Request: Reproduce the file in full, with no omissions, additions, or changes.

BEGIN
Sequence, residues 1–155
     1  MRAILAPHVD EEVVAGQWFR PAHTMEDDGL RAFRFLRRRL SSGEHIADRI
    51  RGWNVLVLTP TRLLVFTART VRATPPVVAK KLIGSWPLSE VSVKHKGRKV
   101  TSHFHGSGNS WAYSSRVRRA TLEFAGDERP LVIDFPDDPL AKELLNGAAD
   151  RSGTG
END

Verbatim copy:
Sequence, residues 1–155
     1  MRAILAPHVD EEVVAGQWFR PAHTMEDDGL RAFRFLRRRL SSGEHIADRI
    51  RGWNVLVLTP TRLLVFTART VRATPPVVAK KLIGSWPLSE VSVKHKGRKV
   101  TSHFHGSGNS WAYSSRVRRA TLEFAGDERP LVIDFPDDPL AKELLNGAAD
   151  RSGTG